The Travel Industry Turned Upside Down SkifT research 22 Many rideshare companies have meanwhile Cruise focused on food delivery, but pockets of recovery The cruise industry is among the hardest-hit travel in ridesharing are evident. While rides in top US sectors, despite its loyal customer base. Despite markets are still down between 50 and 85 percent, measures to reduce costs, cruise lines are consuming some markets, including those in Europe, are down substantial cash with little to no revenue-generating only 35 percent. In other markets, including Hong cruises in service. Furthermore, while forward Kong and New Zealand, ridership has actually bookings and rebookings were initially strong, that increased over pre-pandemic numbers.36 tide has since turned, as it has become less clear when sailings will resume at scale. In a unique convergence of the rideshare and “ car-rental industries, in August Lyft and Sixt have announced a partnership to make Sixt’s fleet Without much government available through the car-rental tab in the Lyft app. Sixt will likely benef it f rom Lyft’s demand algorithms, customer-engagement capabilities, assistance, cruise companies are raising capital, reducing operating and a new channel with less commission compared with the OTAs to which they had given a lot of expenses, seeking new forms of volume. Additionally, Lyft gets a ready supply of vehicles from a company that has the expertise to run the complicated operation of buying, selling, revenue, and delaying arrivals of new vessels while selling older ships. maintaining, and relocating thousands of moving assets daily. Avis and Uber have partnered to provide a similar solution for Uber drivers.37 While these are ” good business model adaptations, they will require consumer and driver confidence to return. Fear evaporated demand this year Disruption ahead Cruise lines have a loyal customer base, but onboard Between car-rental, ridesharing, and other parties virus-outbreaks and subsequent media coverage (for example, car manufacturers, tech companies), have undoubtedly damaged the sector’s image. After mobility will likely enter a new phase of partnerships decades of steadily rising demand, the global cruise and disruption as pre-pandemic momentum gets industry was a $42 billion-sector in 2019.38 However, amplified by COVID-19 consequences. Car ownership since COVID-19 hit, cruise company revenues have has been declining in most major markets for many all but evaporated and despite working hard to years now, but with increased worries of taking temporarily reduce costs, they are consuming public transport, this might be reversed. In contrast, substantial cash. For Carnival Corporation, for the COVID-19 silver lining of less congestion, quieter example, this amounted to $650 million of cash a streets, and reduced air pollution could result in a month. At Royal Caribbean Cruises, the number is harder push toward more environmentally friendly between $250 million and $290 million.39 transportation alternatives. Cruise lines are contending with suspended operations Without much government assistance, cruise companies are raising capital, reducing operating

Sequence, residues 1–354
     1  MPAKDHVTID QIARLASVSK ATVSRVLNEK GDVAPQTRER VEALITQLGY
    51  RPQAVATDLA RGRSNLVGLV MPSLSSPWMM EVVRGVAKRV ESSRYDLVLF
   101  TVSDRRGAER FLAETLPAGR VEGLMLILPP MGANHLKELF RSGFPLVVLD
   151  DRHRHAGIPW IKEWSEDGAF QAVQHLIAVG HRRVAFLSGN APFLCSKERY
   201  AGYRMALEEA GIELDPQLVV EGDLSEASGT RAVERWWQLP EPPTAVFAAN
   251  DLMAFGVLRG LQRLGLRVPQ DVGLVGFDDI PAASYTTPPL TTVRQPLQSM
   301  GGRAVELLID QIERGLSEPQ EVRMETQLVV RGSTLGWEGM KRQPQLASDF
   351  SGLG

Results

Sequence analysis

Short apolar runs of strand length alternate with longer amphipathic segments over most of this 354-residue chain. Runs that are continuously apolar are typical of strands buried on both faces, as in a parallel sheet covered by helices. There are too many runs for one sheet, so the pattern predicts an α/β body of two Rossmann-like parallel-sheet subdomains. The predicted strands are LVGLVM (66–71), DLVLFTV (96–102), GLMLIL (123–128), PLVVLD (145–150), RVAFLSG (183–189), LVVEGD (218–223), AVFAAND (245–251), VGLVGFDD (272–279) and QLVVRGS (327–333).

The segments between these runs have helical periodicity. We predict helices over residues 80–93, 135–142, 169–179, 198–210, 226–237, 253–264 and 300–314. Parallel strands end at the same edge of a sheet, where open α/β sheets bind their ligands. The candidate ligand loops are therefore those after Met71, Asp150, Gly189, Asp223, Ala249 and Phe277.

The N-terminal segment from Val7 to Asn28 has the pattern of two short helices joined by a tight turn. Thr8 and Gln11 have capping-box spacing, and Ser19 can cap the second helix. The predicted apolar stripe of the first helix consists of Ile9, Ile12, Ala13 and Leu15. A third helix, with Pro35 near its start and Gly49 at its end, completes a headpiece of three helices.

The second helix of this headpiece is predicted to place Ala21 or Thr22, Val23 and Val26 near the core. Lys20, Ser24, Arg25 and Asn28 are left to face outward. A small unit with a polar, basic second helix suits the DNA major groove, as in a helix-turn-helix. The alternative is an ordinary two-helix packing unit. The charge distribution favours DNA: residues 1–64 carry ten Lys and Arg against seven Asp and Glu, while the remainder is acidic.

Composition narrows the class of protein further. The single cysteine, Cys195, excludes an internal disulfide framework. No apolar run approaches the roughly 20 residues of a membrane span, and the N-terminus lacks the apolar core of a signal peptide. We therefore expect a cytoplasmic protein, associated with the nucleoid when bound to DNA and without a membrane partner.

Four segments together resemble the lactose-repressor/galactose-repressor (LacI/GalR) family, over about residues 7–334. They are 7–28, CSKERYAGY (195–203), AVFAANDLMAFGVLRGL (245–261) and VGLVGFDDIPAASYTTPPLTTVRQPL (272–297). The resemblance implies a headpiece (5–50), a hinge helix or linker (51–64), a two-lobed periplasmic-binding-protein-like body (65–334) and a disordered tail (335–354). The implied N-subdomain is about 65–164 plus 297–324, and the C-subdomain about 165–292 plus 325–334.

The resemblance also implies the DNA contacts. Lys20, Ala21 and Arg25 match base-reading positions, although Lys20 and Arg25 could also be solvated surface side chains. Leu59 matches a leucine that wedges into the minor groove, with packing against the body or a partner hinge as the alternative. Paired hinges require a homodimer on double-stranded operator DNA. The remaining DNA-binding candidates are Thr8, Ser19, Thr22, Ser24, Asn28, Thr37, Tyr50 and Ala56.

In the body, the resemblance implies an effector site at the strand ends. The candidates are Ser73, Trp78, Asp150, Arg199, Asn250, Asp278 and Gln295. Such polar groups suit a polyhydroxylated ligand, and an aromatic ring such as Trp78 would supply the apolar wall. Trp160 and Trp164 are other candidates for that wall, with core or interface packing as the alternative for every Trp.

The Travel Industry Turned Upside Down SkifT research 23 expenses, seeking new forms of revenue, and With many of their destinations, particularly in the delaying arrivals of new vessels while selling older Caribbean, being very reliant on cruise passengers, ships. cruise ships are likely to find willing ears for a return to harbor dockings. At the same time, these small While US cruise companies did not qualify for federal island nations might be in a stronger negotiating assistance under the CARES Act, some companies position now to demand a better dispersion of the are receiving government assistance elsewhere. economic benefits, while reducing negative impacts In the United Kingdom, as part of the COVID-19 on the local environment. Corporate Financing Facility, Carnival has received £25 million ($31 million), while Royal Caribbean A need for transformation received £300 million ($375 million).40 Without a doubt, a major transformation challenge lies ahead, and no cruise company will want to ignore In July, Carnival Corporation announced plans it. True, forward bookings are up, but a significant to sell 15 ships while also reducing its workforce part of them are rebookings. Initially, 50 to 75 percent based in Florida, California, and Washington by 50 of travelers whose cruises were canceled in 2020 percent through a combination of furloughs and chose to accept credits toward future cruises rather permanent headcount reduction.41 In April, Royal than refunds. As cruises continue to be canceled Caribbean permanently reduced its US workforce and postponed, however, more travelers may opt for by 26 percent, representing more than 5,000 jobs. In refunds rather than credits. While rebookings have addition, Celebrity Cruises, Crystal Cruises, Lindblad already contributed to a 15 percent increase in 2021 Expeditions, Princess, Ritz-Carlton, Virgin Voyages, cruise bookings relative to 2019, it will be important and several river lines have all postponed inaugural for cruise lines to start delivering on their schedules. sailings for new ships. “ There are also positive examples. In late July, Dream Cruises (a Genting Hong Kong brand) resumed A few high-profile on-board Taiwan sailings at 50 percent occupancy due to government restrictions. Occupancy has risen to 96 outbreaks could depress demand for percent after a few weeks of operations.42 Since late the entire industry for months, and June, several vessels have restarted cruises out of ports in Europe, including one of the biggest cruise every month matters at this point. ships in the world, MSC Grandiosa, without recording a single case of COVID-19 on board. Other cruise lines have managed to pivot and find ” In these early recovery stages, however, future success is less about any particular brand resuming safely and more about the sector overall being able to regain consumer confidence. A few high-profile other revenue streams. In April, Star Cruises, a brand on-board outbreaks could depress demand for the of Genting Hong Kong, signed a contract with the entire industry for months, and every month matters Singapore government for temporary housing of at this point. Several cruise lines have already gone foreign workers who have recovered from COVID-19 into bankruptcy, and more could follow if demand in two ships. In addition, many have launched remains depressed. There is no question that the customer-engagement efforts, like the digital industry will come out of this crisis looking very platform Viking.tv, which features cultural content different from when it went in. and video experiences.